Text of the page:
Download and submit the Certificate of Organization form online or submit a hard copy by mail or in-person to the Secretary of State’s Office. A $120 fee will apply whether you file online or via hard copy.

Connecticut certificate of organization to form a domestic LLC
Connecticut certificate of organization to form a domestic LLC. Source: Connecticut Secretary of State.

Connecticut has a complete list of what you’ll need to file your Certificate of Organization, including:

  • LLC name and address
  • Registered agent contact details
  • Founders of the LLC
  • Managers of the LLC (even for single-member LLCs)

Step 4: Get a certified copy of the LLC's registration certificate

After your LLC's Certificate of Organization is approved, you need to get a certified copy of the approved registration for your records. And you may need them to open a business bank account or take out a business loan. The cost for certified copies is $55 per document.

Step 5: Create an LLC operating agreement

You don’t need an operating agreement for your Connecticut LLC, but it’s good practice to have one.

An operating agreement is a legal document that outlines things such as:

  1. Members’ names, contributions, and share of ownership
  2. Who contributes money if the business needs more
  3. How and when to distribute profits among owners
  4. How members can join or leave the LLC
  5. When and how to dissolve the company
  6. Other decision-making and executive powers each LLC member has

You can use a template online or consult a business attorney to help you draft an operating agreement.

Step 6: Get an EIN (Employer Identification Number) from the IRS

Some LLCs will need to apply for Employee Identification Number (EIN) once the state paperwork is approved.

An EIN is a unique nine-digit number (like a social security number) the Internal Revenue Service (IRS) assigns companies to identify them for tax return filing and reporting. An EIN is also needed for hiring employees and paying federal taxes.

Single-member LLCs filing taxes as a sole proprietorship with no employees are not required to obtain an EIN.

You can apply for and get your EIN using a paper Form SS-4, but it’s free and much faster through the IRS website.


To get started:

  • Choose the type of business you wish to start, in this case, an LLC
  • State the number of owners your LLC has, and in what state the company is located
  • Say why you’re applying for an EIN
  • Identify the principal officer (responsible party) of the business, plus their name, SSN, and contact details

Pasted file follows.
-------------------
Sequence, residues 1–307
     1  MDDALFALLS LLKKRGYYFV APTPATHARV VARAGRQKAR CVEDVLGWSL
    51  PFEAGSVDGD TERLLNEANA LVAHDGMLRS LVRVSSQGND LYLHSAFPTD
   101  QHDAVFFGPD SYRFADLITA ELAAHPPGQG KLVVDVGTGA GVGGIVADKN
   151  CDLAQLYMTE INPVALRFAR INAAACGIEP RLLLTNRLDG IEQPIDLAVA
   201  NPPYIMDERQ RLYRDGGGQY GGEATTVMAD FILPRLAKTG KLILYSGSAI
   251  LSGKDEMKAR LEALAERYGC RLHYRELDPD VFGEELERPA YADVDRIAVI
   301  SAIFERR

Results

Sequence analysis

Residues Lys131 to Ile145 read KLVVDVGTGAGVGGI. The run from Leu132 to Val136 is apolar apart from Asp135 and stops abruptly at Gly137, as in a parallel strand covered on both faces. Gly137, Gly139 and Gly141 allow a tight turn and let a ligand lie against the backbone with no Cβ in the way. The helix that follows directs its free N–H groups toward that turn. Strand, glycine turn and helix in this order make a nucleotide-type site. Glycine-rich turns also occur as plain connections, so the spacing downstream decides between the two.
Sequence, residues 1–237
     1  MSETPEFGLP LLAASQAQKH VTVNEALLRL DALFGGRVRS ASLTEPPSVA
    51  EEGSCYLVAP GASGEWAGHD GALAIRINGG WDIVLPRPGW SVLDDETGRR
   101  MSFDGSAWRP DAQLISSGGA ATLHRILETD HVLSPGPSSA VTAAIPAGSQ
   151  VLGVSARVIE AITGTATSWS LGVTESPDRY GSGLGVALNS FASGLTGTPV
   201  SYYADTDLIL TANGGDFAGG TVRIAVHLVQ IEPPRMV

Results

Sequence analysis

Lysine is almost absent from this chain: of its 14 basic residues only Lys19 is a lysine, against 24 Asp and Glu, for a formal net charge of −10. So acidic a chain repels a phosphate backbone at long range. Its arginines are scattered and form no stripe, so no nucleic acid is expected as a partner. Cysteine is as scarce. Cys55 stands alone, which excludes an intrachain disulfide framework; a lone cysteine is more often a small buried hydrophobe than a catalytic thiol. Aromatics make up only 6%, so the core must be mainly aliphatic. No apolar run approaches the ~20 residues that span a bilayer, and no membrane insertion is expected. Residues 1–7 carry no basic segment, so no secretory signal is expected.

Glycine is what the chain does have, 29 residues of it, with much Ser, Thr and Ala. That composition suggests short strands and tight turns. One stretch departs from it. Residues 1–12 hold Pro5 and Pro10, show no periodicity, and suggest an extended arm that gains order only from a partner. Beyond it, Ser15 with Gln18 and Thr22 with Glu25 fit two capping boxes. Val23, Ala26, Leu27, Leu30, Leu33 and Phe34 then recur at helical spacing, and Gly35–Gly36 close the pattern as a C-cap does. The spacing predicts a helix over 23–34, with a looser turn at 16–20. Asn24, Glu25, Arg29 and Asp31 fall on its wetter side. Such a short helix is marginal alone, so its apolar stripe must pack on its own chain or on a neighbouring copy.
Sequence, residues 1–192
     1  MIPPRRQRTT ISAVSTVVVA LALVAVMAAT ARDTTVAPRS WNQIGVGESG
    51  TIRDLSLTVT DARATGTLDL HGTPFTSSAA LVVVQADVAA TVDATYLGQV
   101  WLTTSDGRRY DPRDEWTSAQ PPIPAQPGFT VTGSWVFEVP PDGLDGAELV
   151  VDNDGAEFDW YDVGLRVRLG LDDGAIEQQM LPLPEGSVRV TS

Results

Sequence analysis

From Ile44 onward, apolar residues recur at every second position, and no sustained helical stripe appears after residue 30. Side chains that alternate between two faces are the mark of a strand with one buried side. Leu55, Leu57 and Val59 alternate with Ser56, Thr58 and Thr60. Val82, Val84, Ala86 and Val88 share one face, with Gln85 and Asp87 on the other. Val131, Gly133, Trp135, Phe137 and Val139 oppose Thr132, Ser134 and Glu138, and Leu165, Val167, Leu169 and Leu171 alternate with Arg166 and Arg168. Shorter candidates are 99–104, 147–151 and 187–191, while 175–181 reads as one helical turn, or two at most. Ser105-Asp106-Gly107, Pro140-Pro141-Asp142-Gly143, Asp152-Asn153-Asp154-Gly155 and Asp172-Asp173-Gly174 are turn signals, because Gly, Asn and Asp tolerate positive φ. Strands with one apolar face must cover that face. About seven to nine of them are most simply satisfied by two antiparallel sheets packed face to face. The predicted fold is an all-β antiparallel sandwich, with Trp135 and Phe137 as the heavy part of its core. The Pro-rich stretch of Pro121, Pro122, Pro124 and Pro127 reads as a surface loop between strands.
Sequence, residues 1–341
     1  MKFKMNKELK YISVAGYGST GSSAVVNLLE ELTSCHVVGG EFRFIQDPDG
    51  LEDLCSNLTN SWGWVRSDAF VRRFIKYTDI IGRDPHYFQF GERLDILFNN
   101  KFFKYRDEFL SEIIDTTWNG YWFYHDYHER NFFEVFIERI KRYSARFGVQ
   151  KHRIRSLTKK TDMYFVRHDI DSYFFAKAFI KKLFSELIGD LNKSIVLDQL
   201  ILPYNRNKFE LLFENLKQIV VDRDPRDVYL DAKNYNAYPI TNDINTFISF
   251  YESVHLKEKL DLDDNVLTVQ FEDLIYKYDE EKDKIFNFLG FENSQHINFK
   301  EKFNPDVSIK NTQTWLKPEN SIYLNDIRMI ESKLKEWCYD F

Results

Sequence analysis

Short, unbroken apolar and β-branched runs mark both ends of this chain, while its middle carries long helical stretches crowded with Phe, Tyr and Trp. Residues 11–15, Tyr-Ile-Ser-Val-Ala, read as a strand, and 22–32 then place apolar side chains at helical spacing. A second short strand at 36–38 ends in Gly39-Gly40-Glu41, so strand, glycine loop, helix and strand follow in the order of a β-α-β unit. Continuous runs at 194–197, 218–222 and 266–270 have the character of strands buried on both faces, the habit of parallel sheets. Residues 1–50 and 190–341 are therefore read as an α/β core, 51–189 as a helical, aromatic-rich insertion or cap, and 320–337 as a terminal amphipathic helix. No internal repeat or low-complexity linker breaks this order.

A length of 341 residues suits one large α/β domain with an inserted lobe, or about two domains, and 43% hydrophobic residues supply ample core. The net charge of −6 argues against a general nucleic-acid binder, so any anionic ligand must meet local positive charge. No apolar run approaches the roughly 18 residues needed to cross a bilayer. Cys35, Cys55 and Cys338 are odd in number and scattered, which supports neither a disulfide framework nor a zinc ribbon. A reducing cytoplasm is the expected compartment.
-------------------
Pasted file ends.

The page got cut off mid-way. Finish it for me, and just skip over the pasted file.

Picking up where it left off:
Press submit and get your number issued in 10 minutes or less.

Costs to set up an LLC in Connecticut

Your costs to set up your Connecticut LLC will vary depending on its complexity and how much outside professional help you enlist. Here's a summary of the costs you may incur when forming your LLC in Connecticut.

  • Reserving a business name: $60
  • Registering a DBA: $0 – $100
  • Hiring a professional registered agent: $100 – $300 / annually
  • Filing your LLC's Certificate of Organization: $120
  • Obtaining certified copies of the Certificate of Organization: $55
  • Drafting an LLC operating agreement: $0 – $1,000
  • GRAND TOTAL: $335 – $1,635

Last steps

You're almost done with setting up your Connecticut LLC. Here are the next steps you need to take to complete the process.

Register with the Connecticut Department of Revenue Services

You may need to register with the Connecticut Department of Revenue Services (DRS) to pay applicable state taxes. You can complete registration online, or you can register using a paper Form REG-1, Business Taxes Registration Application. A one-time fee of $100 applies when registering for the sales and use tax permit, which you’ll pay directly to the DRS from a checking or savings account.

Open a business bank account

Next, open a business bank account. It’s essential for easier record-keeping, projecting cash flow, preventing confusion with the IRS, and reconciling bank statements.

Generally, banks will ask for your personal ID, social security number, EIN, business license (if applicable), legal business name and certificate of organization. Most banks require a minimum deposit of $25 to open an account. Monthly service fees range from $0 to $50, depending on the type of account you choose.


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Last updated: Dec 2023
Melissa Pedigo

Article by:

Melissa Pedigo


Melissa Pedigo is a US CPA with more than 20 years of experience. She’s worked at Big 4 firms, for the government, and internationally. Now a full-time writer, she enjoys translating complex financial and tax topics into plain English. When she’s not keeping current reading IRS rules or tax legislation, you’ll find her studying foreign languages or playing tennis.